The supply chain. It was the reason why you couldn’t get toilet paper during the early days of the pandemic. And it’s the reason why you’re having trouble getting a semiconductor-filled automobile today. The COVID crisis shone a spotlight on the supply chain, and the companies that make highly rated supply-chain software are now gaining the recognition they deserve.
In New Jersey, one of those supply-chain and procurement software companies is GEP Worldwide, founded by four partners some 22 years ago in the basement of CEO Subhash Makhija’s home, in Westfield. The partners were formerly top consultants at Accenture. GEP, which has kept a relatively low profile until now, has about 600 employees in New Jersey, and some 4,500 worldwide.
Prior to this year, “we had to convince people that they needed to do something about their supply chain problem,” Makhija told us. When COVID-19 hit, that wasn’t the case anymore.
“Basically, the whole digitization and automation on the supply chain which took place in the last year usually would take three, four or five years. We saw a massive amount of demand. We actually grew 32 percent last year, which is in line with what we have been growing for the last five to seven years.”
Innovating and Changing the Algorithms
Suddenly, supply chains, which used to be an operational topic, have become a board-level topic in most big companies, Makhija said. He noted that “for the last 12 to15 months, the old algorithms, which we built and other software vendors built for demand planning, which were really based on historical data, all fell through.” This was a once-in-a-century event, and most supply chain software wasn’t built to handle it.
GEP however, picked up the ball and continued to innovate, he said, realizing that historical data would no longer cut it. “What happened 15 months ago is irrelevant,” he noted. The company began innovating and building real-time planning software using 12-week pandemic data, as well as real-time data that looks at what’s happening around the world in logistics and how the weather is affecting shipments. “We revised our algorithms for our software, which we believe now is much more accurate and allows us to connect demand with the supply.”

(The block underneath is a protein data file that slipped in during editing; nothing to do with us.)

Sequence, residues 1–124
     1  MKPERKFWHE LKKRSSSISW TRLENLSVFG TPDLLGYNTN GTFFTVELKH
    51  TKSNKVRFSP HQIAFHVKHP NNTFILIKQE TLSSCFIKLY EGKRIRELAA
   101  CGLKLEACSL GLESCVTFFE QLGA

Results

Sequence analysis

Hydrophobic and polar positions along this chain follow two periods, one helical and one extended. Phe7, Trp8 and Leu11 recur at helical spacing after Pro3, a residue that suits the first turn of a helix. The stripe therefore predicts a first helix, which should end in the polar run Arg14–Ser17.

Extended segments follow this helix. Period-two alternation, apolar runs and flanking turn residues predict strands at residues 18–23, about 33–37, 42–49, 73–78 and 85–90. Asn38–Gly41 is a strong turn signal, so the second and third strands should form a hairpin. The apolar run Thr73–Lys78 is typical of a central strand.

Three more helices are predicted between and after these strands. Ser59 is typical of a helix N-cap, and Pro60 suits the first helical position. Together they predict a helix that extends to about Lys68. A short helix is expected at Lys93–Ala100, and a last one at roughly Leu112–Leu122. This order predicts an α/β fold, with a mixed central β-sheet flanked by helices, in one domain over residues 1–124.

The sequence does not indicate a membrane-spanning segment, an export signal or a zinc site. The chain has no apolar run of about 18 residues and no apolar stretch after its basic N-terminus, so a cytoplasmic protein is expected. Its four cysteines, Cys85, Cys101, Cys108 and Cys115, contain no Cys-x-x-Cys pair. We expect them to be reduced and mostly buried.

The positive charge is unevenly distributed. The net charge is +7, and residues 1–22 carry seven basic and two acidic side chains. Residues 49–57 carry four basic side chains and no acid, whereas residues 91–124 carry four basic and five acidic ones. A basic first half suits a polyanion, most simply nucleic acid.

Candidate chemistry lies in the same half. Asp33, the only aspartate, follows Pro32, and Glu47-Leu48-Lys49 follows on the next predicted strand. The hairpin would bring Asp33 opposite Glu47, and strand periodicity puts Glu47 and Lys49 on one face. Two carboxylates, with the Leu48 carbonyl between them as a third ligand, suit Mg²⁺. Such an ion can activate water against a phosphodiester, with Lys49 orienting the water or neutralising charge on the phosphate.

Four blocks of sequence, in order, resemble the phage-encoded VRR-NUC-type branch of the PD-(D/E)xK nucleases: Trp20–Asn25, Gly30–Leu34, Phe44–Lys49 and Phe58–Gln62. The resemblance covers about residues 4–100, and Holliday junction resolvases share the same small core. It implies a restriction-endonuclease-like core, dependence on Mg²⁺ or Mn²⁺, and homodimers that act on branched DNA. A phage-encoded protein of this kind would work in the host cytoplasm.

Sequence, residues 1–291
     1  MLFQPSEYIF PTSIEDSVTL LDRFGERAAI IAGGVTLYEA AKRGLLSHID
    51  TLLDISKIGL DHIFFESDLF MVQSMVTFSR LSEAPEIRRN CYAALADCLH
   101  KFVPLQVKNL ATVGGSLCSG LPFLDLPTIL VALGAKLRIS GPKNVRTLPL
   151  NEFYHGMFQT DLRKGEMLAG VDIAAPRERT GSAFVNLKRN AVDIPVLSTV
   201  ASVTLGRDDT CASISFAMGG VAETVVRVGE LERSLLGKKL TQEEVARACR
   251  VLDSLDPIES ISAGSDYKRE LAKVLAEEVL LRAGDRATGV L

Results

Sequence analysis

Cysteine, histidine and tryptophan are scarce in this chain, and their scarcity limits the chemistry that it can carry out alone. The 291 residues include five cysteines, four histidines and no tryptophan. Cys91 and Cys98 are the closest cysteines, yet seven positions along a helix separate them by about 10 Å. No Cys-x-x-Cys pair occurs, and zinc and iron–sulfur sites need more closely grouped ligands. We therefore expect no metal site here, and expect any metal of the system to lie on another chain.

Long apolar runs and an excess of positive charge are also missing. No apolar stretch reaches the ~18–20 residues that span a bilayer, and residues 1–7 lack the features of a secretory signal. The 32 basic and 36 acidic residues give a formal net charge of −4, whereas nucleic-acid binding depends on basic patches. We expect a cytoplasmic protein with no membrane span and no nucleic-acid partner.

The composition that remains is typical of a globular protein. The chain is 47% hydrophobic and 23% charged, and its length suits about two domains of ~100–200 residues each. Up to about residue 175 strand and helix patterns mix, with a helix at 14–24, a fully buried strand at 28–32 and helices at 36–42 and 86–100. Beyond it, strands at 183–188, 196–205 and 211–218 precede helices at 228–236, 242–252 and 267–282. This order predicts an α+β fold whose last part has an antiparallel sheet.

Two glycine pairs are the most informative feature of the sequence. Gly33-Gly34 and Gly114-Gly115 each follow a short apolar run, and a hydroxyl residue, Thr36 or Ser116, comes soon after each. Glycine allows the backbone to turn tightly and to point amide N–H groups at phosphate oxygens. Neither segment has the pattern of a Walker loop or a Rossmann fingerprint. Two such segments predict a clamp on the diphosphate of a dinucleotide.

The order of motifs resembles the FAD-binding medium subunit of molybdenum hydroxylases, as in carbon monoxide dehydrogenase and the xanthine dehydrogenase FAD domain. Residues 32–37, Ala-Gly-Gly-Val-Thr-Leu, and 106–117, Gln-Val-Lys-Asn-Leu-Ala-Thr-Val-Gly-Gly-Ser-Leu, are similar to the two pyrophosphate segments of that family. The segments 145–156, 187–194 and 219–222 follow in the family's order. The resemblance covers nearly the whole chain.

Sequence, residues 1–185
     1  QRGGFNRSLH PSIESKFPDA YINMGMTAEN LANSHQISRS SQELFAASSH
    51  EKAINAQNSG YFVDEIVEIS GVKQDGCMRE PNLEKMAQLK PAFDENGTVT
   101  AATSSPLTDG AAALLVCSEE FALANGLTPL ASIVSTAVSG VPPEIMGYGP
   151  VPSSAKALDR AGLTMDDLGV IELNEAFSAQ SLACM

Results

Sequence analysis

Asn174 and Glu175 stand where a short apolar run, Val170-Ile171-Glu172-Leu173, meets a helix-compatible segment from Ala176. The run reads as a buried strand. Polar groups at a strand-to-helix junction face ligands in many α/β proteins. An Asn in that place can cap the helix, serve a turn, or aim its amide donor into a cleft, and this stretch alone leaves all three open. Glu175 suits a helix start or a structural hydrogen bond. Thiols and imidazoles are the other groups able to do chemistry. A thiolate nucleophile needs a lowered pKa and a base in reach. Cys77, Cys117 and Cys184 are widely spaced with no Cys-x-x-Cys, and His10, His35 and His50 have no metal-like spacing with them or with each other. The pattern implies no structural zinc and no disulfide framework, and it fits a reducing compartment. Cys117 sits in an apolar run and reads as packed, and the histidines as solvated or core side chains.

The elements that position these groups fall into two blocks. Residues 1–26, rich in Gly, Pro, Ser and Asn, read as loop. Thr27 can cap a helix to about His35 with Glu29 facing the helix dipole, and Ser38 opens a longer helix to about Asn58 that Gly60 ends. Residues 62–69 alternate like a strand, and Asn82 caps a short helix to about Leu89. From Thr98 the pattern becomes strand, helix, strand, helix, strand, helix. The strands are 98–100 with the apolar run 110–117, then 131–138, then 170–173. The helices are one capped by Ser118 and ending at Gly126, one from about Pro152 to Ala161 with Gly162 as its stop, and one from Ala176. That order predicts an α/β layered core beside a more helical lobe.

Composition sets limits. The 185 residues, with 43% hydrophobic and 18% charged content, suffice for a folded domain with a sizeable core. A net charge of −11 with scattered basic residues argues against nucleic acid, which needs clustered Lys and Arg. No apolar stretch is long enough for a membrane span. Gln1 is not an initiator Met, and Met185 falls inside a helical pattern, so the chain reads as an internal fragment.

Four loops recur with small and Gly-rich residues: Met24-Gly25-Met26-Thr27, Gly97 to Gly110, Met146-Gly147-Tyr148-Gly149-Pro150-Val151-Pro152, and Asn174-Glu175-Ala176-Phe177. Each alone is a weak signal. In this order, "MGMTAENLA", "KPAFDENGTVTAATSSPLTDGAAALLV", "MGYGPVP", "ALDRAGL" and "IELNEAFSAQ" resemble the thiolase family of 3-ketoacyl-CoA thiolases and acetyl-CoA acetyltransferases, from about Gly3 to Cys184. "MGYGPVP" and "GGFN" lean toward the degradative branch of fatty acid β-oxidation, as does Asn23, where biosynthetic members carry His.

The company is using experts in machine learning and artificial intelligence to create software that lets customers get visibility into the entire supply chain, he said.
The innovations have allowed GEP to serve its Fortune 500 customers in the healthcare; finance; manufacturing; consumer products; retail; automotive; and chemical, and oil and gas sectors. “It’s been an honor for us to play a cutting-edge role” in helping them keep their supply chains moving, Makhija stated. “We are still very low key. We are not the kind of company you read about in the front pages of the Wall Street Journal, even when we’re making a big impact with big banks and big financial, oil-and-gas and other companies.”
GEP is organized along the lines of industry verticals. It has some of the biggest names in consumer product companies, such as Kellogg’s, General Mills and Unilever. “On the healthcare side, we have lots of good customers in New Jersey; for example, Bristol Myers Squibb is a very big customer of ours. So is Johnson & Johnson. In the retail sector, customers like Macy’s use our software. Chemical, oil and gas is a big, big sector for us.” GEP customers also include Chevron, ExxonMobil and Dupont. Financial services is another big sector for GEP across the river, he said; and customers include Citibank, Bank of America and Prudential.
Putting the Fun Back in Growing the Company
Makhija discussed how his company has changed over the past year due to COVID. When employees went home, the company was nervous about its ability to continue to be productive, but those fears didn’t last. The company software was able to keep up with the new internal demands, and there was an increased external demand for its products.
“What is different is we used to go to the office and have a very strong culture and get together and, you know, enjoy that work. The office was closed, but now we are slowly opening up. The get-togethers were over Zoom calls and team calls, and it took some of the fun part of growing the firm out of it,” Makhija said. “The fun has taken a back seat in the last year. … Our employees are working very hard. They’re tired, they’re exhausted and we need more inspiration. So, we are really looking forward to our offices opening back up,” as people get vaccinated.
NJTechWeekly.com asked about GEP’s ability to find talent in New Jersey. Historically, the company has been able to find good talent here, but “since the beginning of the year, the demand for engineers has picked up quite a bit, so we see attrition going up, we see salaries going up. We see that it’s a little bit more difficult to find people since the beginning of the year.” GEP has about 80 positions open right now, Makhija stated.
The company has taken advantage of the State of New Jersey’s Research and Development Tax Credit. “GEP is constantly investing in innovation and R&D. So, the state gives us some help there, which is very, very useful.” Makhija told us that he’s very satisfied with what the state has to offer his company. New Jersey is his home, he said, and he plans to stay here.